The hosts (especially the hostess) worked hard to prepare everything and make it possible for all guests to relax and enjoy. The least guests can do is to show basic respect. Unfortunately, there is sometimes that one uncle who can’t seem to grasp the concept. Don’t be that uncle.

I Don’t Wanna Work Today

Did you know that every person in Serbia has a day off for their Slava? This holiday is of great importance for every Serb. Most of us are very busy from the early morning on this day. We have to go to church, pick up the roast, arrange the table, prepare meze and welcome our guests!

All the listed tasks would be impossible to achieve if we had to work from 9 to 5 that day!

Don’t Show Up Empty-Handed!

This one is plain and simple – always bring a gift when you come to Slava! A gift for this occasion usually consists of a bottle of wine, 200 grams of coffee, and a bar of chocolate. If hosts have more children, bring a bar of chocolate for each of them!

People sometimes also buy flowers for the hostess. If you want to take an extra step, you can order personalized wooden boards with the carved last name of the family you’re visiting or their patron saint. Thoughtful gifts also include a set of glass rakija glasses and a bottle with a picture of the family’s patron saint or a simple inscription “Srećna slava”.

Bear in mind that no one expects this, and people usually do it for their close family and friends. Bringing a bottle of wine, chocolate, and coffee is more than enough.

Not Being Invited

What would you say if we told you it’s fine to show up to your friend’s door with a bottle of wine for their Slava even though they never called you? You’d probably say it’s very rude and you would never do such thing! Well, good news: you’d be wrong!

Here’s a fun fact: Serbs like to say, Na slavu se ne poziva? It means that we don’t invite guests to Slava. Instead, those close to us already know when and where to come. So, if someone invites you once, they probably assume you’ll show up at their door to celebrate their patron saint with them every year.

But also, keep in mind the life circumstances of the family you’re visiting. If they skip the invitation one year, and you know their close family member died or they’re moving, don’t assume they’ll celebrate like the year before. It’s all right to ask them about their plans.

Also, younger generations often don’t follow the “it’s implied you’re invited forever” rule. They’ll probably invite you every year. Sometimes for no other reason but to tell you at what time to come!

But if a close friend doesn’t invite you one time even though everything else is fine, it’s safe to assume their default setting is “you know when and where to come”.

Srećna slava, domaćine!

Don't forget to kiss a host three times on the cheeks!
Don’t forget to kiss a host three times on the cheeks!

When we arrive at our hosts’ house, we congratulate them by saying, “Srećna slava, domaćine!” It means, Happy Slava (holiday), host! To the hostess, we say, “Srećna slava, domaćice!”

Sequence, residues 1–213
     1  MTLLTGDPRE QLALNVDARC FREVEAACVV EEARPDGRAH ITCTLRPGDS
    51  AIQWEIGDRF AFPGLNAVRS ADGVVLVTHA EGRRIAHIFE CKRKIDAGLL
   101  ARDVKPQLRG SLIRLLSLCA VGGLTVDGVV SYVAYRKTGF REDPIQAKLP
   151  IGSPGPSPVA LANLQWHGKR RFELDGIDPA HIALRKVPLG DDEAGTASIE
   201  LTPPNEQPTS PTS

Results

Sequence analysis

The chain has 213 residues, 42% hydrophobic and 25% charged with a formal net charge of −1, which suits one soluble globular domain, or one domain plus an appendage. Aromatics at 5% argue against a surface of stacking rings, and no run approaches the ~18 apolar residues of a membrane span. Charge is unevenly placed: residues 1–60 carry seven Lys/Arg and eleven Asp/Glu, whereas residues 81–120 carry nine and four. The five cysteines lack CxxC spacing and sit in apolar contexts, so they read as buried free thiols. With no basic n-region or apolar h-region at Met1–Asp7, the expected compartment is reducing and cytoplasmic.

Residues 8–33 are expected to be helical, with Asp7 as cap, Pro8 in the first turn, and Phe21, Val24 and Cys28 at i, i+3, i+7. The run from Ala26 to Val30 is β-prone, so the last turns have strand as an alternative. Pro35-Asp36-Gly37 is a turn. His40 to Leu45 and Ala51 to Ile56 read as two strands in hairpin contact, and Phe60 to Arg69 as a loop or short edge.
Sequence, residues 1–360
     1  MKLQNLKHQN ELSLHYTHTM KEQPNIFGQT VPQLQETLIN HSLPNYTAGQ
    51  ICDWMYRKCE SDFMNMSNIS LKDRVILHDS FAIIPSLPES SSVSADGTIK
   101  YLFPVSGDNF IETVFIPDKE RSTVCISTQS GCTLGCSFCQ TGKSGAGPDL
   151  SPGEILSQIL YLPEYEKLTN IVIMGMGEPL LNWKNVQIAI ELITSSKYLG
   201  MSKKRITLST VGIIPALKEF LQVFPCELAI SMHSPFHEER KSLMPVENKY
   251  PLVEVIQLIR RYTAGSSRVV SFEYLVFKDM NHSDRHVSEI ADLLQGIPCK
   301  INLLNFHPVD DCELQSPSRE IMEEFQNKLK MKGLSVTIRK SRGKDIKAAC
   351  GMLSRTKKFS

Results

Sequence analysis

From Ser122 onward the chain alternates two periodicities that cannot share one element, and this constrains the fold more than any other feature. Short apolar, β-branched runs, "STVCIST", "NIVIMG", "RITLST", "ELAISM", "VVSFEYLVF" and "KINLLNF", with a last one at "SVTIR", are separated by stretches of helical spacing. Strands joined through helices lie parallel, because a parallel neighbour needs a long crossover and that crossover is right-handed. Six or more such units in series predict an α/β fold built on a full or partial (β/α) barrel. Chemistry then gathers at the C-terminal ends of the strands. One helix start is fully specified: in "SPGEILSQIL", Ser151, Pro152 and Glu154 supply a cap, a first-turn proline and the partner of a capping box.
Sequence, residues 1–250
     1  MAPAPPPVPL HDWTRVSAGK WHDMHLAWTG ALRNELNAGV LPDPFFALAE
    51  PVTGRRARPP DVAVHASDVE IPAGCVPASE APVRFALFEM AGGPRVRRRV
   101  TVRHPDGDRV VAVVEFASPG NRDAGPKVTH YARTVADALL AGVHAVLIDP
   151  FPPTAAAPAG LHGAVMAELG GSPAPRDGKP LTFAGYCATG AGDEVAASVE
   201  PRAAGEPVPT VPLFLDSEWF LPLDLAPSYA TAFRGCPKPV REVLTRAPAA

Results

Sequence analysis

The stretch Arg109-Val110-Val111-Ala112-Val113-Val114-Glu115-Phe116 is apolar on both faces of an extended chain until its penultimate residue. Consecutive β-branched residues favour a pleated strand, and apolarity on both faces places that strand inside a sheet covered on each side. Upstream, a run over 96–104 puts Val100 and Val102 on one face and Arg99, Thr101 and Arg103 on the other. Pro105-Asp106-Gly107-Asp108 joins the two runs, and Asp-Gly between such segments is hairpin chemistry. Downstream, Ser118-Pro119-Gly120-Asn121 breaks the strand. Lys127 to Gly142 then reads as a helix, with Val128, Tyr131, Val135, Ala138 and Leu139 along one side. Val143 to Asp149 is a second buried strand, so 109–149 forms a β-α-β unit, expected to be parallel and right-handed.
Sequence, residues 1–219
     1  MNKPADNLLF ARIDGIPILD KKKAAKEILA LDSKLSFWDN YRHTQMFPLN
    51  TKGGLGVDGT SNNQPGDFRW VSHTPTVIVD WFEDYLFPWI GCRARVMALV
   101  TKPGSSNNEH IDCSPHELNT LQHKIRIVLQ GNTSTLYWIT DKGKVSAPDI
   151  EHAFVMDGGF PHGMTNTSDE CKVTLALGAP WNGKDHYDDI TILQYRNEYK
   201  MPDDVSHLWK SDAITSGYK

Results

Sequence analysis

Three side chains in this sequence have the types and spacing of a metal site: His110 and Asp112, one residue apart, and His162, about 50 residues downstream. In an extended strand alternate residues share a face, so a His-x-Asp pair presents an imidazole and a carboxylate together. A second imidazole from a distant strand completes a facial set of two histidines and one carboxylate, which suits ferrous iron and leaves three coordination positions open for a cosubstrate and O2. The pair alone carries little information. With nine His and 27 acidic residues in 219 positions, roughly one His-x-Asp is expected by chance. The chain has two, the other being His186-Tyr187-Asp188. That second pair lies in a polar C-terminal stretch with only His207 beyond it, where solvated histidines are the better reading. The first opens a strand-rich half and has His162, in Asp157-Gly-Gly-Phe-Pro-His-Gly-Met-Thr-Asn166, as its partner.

Then we give them a gift, handshake, and kiss them three times on the cheeks. Don’t forget – three times is a must! Kissing three times is another thing characteristic for Serbs, aside from Slava.

Like Father, Like Son

Slava is a family heritage. It’s traditionally transferred from father to son (yes, it’s an old patriarchal thing).

While kids are small, it’s easy. But what happens if your friends have an adult son and daughter? Do they still celebrate with their parents?

It depends. If children live with their parents, the answer is yes. If a daughter is married, she usually adopts her husband’s patron. Sometimes families celebrate both husband’s and wife’s Slava. Very rarely they choose a third, different Slava for their family. If a daughter is single, she still honors the same saint as her parents.

The rule is that when a son gets married, the first Slava following his wedding is the last he celebrates with his parents. Traditionally, the father gives the son a piece of Slava cake and wishes him luck celebrating with his new family.

However, many families don’t do it this way. The adult married children often come with their spouses as guests to their parents’ Slava until the father decides to pass it on.

Patrons of Schools & Towns

Do you know families aren’t the only ones to have their patron saint? A lot of cities, villages, and institutions have Slava, too.

For example, Saint Sava is a patron of all schools, teachers, and students. He’s honored in every school in Serbia on the 27th of January. Saint Sava was our first archbishop, enlightener, and original author! He is a significant figure in Serbian culture and history. The Temple of Saint Sava in Belgrade is one of the largest Orthodox Christian churches in the world.

Belgrade also has its own Slava! It’s Spasovdan, and it’s celebrated every year on Thursday, 40 days after Easter. Christian believers celebrate it as a day when Jesus Christ told his followers to preach the Gospel and ascended to heaven. Spasovdan is Belgrade’s Slava because the Serbian ruler Stefan Lazarević proclaimed Belgrade a Serbian capital in 1403.

Also, many other towns and villages have a Slava. They celebrate it by organizing fairs and activities for all residents to enjoy.

UNESCO’s Register

In November 2014, UNESCO officially recognized the importance of the Serbian Slava, so it became a part of its List of Intangible Cultural Heritage. We’re pretty proud of this fact!

What customs have you already known about? Which ones do you find the strangest?

Do you want to be sure you know everything about a Slava before going to one? Book a lesson with one of our teachers to never feel lost and confused at a Slava again!